In this week’s feature, Janis Hashe covers the complicated racial history of environmental advocate and icon John Muir. Yes, he founded the Sierra Club, and he was also a white supremacist with unflattering, and sometimes cruel, opinions of Black, Brown and Indigenous people. This should come as no surprise. In fact, it should come as no surprise to find out that if you’re white, your grandparents, great grandparents and everyone they knew were more than likely white supremacists, too. It was the norm that permeated every facet of society for hundreds of years. Anti-racist white people were the outliers that rarely made the history books.
A recent study guide from the Unitarian Universalist College for Social Justice discusses how our understanding of white supremacy has evolved over time, saying, “Originally, the term ‘white supremacy’ was used to identify overt racist behaviors and organizations like the KKK, with the declared intent and belief that whites should retain and increase political and cultural power. More recently, sociologists have begun to encourage us to think of white supremacy as an ideology, as a collection of ideas that encourage us to value whiteness (white norms, white culture and white people) more highly and above other cultures.”
The East Bay Express has worked under this expanded definition of white supremacy for quite some time. In 2017, Robert Gammon wrote “Hidden Monuments to Racism,” pointing out how white supremacist ideas were willfully, but not always consciously, transferred through generations with the raising of monuments, the zoning of neighborhoods and the naming of streets, parks and schools throughout the Bay Area. In the article, he writes of Joseph LaConte, a professor of geology, natural history and botany at UC Berkeley, and co-founder of The Sierra Club with Muir, who also once wrote that freeing the slaves and allowing Blacks to vote was “the greatest political crime ever perpetrated by any people.”
Also, in 2017, Liam O’Donoghue confronted this white supremacist tradition with “The Albany Cross Resurrects Memories of the KKK” where he writes, “Rochelle Nason, one of the Albany city council members named in the lawsuit, doesn’t accuse the Lions Club of intentionally resurrecting a racist tradition with its illuminated cross, but her research revealed potentially troubling origins of the practice. She said the Stege Presbyterian church, one of the first religious groups to hoist a cross on the hill, hosted ’15 Klan members in full regalia’ who attended a service ‘to make a gift to the church and deliver a letter lauding the pastor’ a few years before the church launched its Easter cross-raising tradition in 1933.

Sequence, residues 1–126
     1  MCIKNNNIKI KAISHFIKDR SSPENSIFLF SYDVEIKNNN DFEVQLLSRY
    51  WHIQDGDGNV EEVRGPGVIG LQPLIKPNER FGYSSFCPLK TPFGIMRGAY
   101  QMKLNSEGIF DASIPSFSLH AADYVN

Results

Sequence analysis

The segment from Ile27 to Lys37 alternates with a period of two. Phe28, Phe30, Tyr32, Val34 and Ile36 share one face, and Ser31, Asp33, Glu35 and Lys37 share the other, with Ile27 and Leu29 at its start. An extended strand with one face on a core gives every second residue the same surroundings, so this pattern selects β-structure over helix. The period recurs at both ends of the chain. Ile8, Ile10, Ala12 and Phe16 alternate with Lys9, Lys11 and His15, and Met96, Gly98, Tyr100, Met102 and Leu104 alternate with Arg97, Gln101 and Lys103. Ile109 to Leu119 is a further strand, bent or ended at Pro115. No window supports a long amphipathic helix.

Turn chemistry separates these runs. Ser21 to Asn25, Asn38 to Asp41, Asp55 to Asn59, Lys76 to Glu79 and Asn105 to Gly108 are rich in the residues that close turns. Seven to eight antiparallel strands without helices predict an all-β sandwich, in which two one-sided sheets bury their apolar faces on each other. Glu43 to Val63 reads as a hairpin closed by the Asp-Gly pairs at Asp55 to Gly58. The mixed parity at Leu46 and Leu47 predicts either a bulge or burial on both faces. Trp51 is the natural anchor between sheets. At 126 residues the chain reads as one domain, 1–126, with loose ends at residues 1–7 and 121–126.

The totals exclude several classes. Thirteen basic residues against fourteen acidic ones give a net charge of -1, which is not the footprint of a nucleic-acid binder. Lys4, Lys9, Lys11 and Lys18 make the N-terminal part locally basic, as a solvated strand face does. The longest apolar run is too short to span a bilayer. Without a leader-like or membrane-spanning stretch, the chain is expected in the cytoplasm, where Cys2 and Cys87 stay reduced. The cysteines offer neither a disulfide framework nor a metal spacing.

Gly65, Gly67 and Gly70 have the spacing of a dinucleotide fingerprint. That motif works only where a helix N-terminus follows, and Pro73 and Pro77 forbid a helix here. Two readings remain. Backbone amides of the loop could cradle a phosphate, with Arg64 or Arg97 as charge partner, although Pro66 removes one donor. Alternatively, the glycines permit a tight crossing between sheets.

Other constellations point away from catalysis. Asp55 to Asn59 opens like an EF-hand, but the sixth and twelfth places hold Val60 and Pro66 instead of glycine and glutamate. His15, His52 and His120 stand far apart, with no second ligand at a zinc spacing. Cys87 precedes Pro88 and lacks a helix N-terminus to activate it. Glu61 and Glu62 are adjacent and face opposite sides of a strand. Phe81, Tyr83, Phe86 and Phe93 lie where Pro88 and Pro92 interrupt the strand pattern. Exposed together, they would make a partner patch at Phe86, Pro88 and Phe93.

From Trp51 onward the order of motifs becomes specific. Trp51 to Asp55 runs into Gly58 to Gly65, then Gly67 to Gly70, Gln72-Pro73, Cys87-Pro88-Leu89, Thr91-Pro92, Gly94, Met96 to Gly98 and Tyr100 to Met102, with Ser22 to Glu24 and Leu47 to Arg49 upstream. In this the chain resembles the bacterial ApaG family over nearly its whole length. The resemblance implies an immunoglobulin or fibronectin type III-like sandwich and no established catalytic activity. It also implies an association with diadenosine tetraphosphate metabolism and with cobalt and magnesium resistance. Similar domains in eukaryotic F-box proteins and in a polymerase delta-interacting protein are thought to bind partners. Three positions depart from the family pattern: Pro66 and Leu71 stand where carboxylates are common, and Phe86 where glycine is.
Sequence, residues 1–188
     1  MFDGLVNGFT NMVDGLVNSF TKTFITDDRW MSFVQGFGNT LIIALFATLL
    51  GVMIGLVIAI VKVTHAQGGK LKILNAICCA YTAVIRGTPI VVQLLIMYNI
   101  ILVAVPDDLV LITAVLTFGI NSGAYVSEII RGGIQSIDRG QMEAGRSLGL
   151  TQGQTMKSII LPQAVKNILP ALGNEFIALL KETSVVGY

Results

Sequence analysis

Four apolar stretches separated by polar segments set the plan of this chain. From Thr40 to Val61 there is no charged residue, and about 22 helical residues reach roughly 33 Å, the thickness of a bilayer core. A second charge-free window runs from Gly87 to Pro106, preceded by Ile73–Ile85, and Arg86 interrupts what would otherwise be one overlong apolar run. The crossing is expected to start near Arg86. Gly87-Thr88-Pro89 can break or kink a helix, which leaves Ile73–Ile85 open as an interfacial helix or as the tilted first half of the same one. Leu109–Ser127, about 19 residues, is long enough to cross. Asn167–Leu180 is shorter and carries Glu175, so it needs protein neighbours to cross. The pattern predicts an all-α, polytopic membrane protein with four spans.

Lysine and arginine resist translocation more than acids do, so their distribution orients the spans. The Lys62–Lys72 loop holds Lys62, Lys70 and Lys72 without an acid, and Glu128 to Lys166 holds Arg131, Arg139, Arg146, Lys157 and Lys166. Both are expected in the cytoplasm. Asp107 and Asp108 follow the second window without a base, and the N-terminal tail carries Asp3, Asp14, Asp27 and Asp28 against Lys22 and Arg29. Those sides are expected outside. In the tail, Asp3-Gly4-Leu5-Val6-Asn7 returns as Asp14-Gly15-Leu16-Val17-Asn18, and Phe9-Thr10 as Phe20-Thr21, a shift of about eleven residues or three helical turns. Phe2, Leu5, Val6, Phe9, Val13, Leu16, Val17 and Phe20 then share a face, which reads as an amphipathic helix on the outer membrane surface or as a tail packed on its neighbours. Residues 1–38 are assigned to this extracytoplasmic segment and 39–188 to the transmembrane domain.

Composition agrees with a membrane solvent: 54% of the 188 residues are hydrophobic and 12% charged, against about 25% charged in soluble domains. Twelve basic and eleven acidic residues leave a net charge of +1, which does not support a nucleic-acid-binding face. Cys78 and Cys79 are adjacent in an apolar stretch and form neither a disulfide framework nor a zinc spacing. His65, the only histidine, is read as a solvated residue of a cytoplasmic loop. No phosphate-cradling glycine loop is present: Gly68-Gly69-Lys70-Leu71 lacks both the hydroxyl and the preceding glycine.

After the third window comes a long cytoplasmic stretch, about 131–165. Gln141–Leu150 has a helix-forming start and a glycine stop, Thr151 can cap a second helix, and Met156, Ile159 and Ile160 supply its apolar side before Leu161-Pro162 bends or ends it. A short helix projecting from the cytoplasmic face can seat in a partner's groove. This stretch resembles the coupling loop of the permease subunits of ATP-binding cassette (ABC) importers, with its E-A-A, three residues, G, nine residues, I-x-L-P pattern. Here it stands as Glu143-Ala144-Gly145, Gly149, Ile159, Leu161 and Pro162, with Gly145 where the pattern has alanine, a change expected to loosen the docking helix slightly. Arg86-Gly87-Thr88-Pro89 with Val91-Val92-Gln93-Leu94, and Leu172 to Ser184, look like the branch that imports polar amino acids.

“To innocent newcomers, the cross might just be a lovely tribute to their faith. But to people who knew the background, especially those who had experienced the Klan period, the cross would carry a very different message.”
Just last month, the Express found itself at the center of controversy when it published Aimee Barnes’ editorial, “It’s time for Alameda to rename Jackson Park,” where she wrote that, “According to the City’s own research, Jackson Park—the City’s first park—was actually named Alameda Park when it opened in 1895. In May 1909, the City Council approved the renaming of Alameda Park to Jackson Park after President Andrew Jackson, alongside the naming of its two new parks, Washington and McKinley. There appears to be no known reason as to why the Park and Playground Commission specifically chose Andrew Jackson when renaming Alameda Park after a President.
While we do not know why the park was renamed, we can consider the social and political context of the times. The renaming took place at the height of the Chinese Exclusion Act, and against the backdrop of the Jim Crow Era. 1909—the year Jackson Park was renamed—was the year in which the single greatest number of Confederate monuments were erected around the country. We can’t ignore this context—nor the subsequent history of racism and segregation in Alameda, including redlining practices, and the passage of Measure A and its discriminatory after-effects.”
She also points out that, “In 1830 he signed the Indian Removal Act, which led to the ‘Trail of Tears.’ It resulted in the forced relocation of tens of thousands of Native Americans—including Choctaw, Chickasaw, Seminole, Creek and Cherokee people. Thousands died in the process—including more than 5,000 Cherokee people alone who lost their lives to whooping cough, typhus, dysentery, cholera and starvation along the 1,200-mile forced march to ‘Indian Territory.'” It is not a coincidence that the park that was named after “Indian Killer,” which was his moniker amongst those who loved him, sat on recently acquired Ohlone land.
These revelations of the pernicious and ubiquitous quality of white supremacy, resulting in taking down monuments, questioning the intent our leaders and seriously re-examining all facets of American history and contemporary social life, have caught many off-guard, and responses have ranged from flat-out denial to anger to the delegation of those who recognize it and want to do something about as being part of a “cancel culture intending to erase history,” which is the exact opposite of what we’re actually witnessing.
All of the articles I mentioned are about expanding our understanding of history as the definition of white supremacy has expanded, with the understanding that doing so does not erase history, but complicates it. In order to eliminate white supremacy, which is a must, we must grapple with accepting that our understanding of our history and ourselves is not so cut-and-dry, and more black-and-white than we’ve been willing to accept. Perhaps many will never adjust to this new complexity, but that does not negate its truth. What we’ve come to understand is that white supremacy is not a shark, it’s the water.